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We cover how to handle not getting the score you wanted in the Bio/Biochem section of the MCAT. We’re joined by Dorothy from Blueprint MCAT. If you would like to follow along on YouTube, go to premed.tv.
Listen to this podcast episode with the player above, or keep reading for the highlights and takeaway points.
[02:39] Timing for the Bio/Biochem Section
The bio/biochem section is very experiment-heavy. There are a lot of primary research passages and some things you’ve seen in passing before or maybe been exposed to before. But it is its own experiment. They have a hypothesis, they have methods, and they have results.
[click_to_tweet tweet=”“The primary research passages alone can be challenging because they test on things that maybe you haven’t seen explicitly in your classes or in your modules.” https://medicalschoolhq.net/mp-296-i-didnt-get-the-score-i-wanted-bio-bio-chem-section/” quote=”“The primary research passages alone can be challenging because they test on things that maybe you haven’t seen explicitly in your classes or in your modules.””]
There are 59 questions in the section and you have 95 minutes to answer the entire section. Then there are 15 discrete questions interspersed between four sets of passages. The passages are where time management becomes hard. Especially if you are seeing a difficult passage with a lot of experiments, figures, or experimental models that you’ve never seen before.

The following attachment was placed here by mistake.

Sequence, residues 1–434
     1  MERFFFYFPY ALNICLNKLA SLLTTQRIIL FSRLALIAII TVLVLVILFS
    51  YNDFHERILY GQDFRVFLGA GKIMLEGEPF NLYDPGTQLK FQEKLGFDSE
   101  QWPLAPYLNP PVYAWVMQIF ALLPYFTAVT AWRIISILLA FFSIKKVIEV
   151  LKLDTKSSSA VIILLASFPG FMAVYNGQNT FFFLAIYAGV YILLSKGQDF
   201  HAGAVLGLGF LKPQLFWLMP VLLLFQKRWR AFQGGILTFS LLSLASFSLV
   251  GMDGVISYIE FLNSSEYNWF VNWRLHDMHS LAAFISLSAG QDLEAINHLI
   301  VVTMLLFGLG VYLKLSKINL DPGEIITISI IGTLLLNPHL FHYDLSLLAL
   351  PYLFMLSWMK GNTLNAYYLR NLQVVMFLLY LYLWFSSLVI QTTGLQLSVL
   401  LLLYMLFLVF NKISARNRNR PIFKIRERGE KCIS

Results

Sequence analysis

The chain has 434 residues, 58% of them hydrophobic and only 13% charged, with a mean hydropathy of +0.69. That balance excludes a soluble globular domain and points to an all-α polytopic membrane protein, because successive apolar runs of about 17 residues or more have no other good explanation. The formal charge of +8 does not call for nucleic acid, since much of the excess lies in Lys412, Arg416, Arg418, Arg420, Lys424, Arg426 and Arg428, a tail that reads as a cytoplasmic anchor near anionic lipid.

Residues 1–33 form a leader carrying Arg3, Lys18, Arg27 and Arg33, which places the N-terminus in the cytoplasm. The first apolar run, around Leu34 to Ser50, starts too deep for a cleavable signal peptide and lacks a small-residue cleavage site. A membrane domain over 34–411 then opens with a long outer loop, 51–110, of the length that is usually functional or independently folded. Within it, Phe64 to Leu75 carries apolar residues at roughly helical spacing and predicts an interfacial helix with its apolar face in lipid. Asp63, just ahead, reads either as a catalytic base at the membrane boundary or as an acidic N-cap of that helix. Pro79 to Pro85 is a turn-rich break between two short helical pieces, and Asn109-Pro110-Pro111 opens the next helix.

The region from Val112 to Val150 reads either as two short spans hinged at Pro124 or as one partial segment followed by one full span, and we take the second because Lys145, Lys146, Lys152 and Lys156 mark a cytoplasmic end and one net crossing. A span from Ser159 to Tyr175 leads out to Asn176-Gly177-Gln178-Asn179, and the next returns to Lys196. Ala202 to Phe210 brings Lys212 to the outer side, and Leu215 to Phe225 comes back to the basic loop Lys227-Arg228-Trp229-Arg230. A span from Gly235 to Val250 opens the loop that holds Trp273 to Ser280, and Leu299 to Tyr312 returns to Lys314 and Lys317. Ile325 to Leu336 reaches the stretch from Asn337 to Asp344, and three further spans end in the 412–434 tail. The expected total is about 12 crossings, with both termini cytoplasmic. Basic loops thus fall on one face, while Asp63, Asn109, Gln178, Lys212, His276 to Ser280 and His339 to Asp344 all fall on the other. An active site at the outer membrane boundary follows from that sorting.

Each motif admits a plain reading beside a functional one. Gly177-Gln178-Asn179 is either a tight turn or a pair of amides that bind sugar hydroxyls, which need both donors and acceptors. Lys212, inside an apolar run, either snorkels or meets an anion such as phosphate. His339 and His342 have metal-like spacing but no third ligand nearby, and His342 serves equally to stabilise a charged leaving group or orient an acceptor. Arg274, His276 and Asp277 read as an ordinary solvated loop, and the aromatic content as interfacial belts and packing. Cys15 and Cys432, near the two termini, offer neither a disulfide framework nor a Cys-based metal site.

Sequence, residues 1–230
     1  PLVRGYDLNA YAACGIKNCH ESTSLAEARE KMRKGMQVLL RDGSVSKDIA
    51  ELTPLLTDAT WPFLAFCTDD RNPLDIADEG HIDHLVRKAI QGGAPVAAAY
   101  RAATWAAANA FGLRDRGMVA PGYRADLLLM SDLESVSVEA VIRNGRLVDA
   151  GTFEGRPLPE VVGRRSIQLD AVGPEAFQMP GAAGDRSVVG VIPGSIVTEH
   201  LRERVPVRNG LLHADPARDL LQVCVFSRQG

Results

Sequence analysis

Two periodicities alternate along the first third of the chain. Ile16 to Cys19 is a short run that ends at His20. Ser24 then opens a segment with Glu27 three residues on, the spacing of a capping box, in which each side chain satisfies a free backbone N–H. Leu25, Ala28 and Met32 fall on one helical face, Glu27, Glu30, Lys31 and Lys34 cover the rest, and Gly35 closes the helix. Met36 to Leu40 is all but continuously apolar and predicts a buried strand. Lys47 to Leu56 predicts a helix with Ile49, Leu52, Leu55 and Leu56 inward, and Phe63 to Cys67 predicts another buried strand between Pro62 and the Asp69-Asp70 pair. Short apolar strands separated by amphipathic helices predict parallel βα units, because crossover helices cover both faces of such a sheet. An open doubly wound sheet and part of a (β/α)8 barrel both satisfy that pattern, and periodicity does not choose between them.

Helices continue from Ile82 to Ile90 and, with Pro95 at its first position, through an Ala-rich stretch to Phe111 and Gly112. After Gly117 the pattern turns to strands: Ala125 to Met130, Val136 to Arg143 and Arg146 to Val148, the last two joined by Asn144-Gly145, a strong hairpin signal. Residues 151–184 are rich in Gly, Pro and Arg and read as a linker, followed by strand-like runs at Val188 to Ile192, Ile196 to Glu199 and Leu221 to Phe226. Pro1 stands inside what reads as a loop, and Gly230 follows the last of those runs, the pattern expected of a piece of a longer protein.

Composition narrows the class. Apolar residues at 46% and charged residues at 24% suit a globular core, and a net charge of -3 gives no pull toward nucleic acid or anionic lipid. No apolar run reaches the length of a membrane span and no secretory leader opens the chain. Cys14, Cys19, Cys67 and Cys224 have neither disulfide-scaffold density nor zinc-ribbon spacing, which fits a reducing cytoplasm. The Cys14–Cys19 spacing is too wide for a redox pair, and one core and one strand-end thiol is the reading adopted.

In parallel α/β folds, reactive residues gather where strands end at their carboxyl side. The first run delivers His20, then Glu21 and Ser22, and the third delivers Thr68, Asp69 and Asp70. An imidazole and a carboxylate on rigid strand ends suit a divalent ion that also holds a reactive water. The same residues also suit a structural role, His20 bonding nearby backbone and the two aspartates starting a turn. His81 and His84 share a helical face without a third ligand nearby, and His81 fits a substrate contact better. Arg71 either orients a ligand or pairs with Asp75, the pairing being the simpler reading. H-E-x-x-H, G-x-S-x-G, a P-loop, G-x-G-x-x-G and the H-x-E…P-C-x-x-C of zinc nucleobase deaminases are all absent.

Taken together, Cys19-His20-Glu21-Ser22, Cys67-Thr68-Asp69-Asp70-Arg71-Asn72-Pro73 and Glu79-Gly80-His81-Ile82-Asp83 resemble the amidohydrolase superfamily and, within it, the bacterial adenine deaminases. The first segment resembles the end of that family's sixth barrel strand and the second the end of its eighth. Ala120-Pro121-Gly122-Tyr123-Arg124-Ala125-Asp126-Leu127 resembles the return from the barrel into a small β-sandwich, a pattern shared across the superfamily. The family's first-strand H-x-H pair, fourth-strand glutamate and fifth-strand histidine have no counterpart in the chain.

Timing can be hard, especially when you get stuck with a harder passage near the beginning of your section. Dorothy recommends spending 40 seconds to a minute per discrete question and then eight minutes per passage between 10 passages.
With CARS, Dorothy recommends splitting your time really evenly between your passage and your reading. That’s because you want a solid understanding of the passage before you dive into questions. With sciences, especially biochem, it’s okay to spend less time reading, especially in primary research passages.
Dorothy recommends breaking down the passage into these big components such as background, hypothesis, methods, and results. Then use those as you go into the questions. Spend two to three minutes reading the passage. Then spend the rest of the five to six minutes on the questions.
[07:03] Self-Study vs. Formal Class
Dorothy explains that self-study requires some level of motivation. If you are really motivated to learn it this time around, Dorothy thinks self-studying is appropriate. Additionally, Biochem is one of the medical school prereqs for most medical schools. And so you’ll have to take it eventually.
If you have the time and the wiggle room to reschedule your MCAT to a later time after you’ve taken biochem, it can only help rather than hurt. Again, this is very dependent on how much time you have when you’re applying whether you’ve done the other prereqs. And so, it’s worth taking a formal Biochem class because it’s high-yield enough on the MCAT.
To help you lock in on those concepts, check Blueprint MCAT’s spaced repetition platform, with their free 1,600 flashcards. This is going to help students understand a lot of these basic foundational concepts.
[08:09] Studying Techniques
The study technique or the test-taking technique outside of that is also very important too. Dorothy also adds that if you need your flashcards, you need to know the theories and have brainstormed examples of them and understand how to apply them.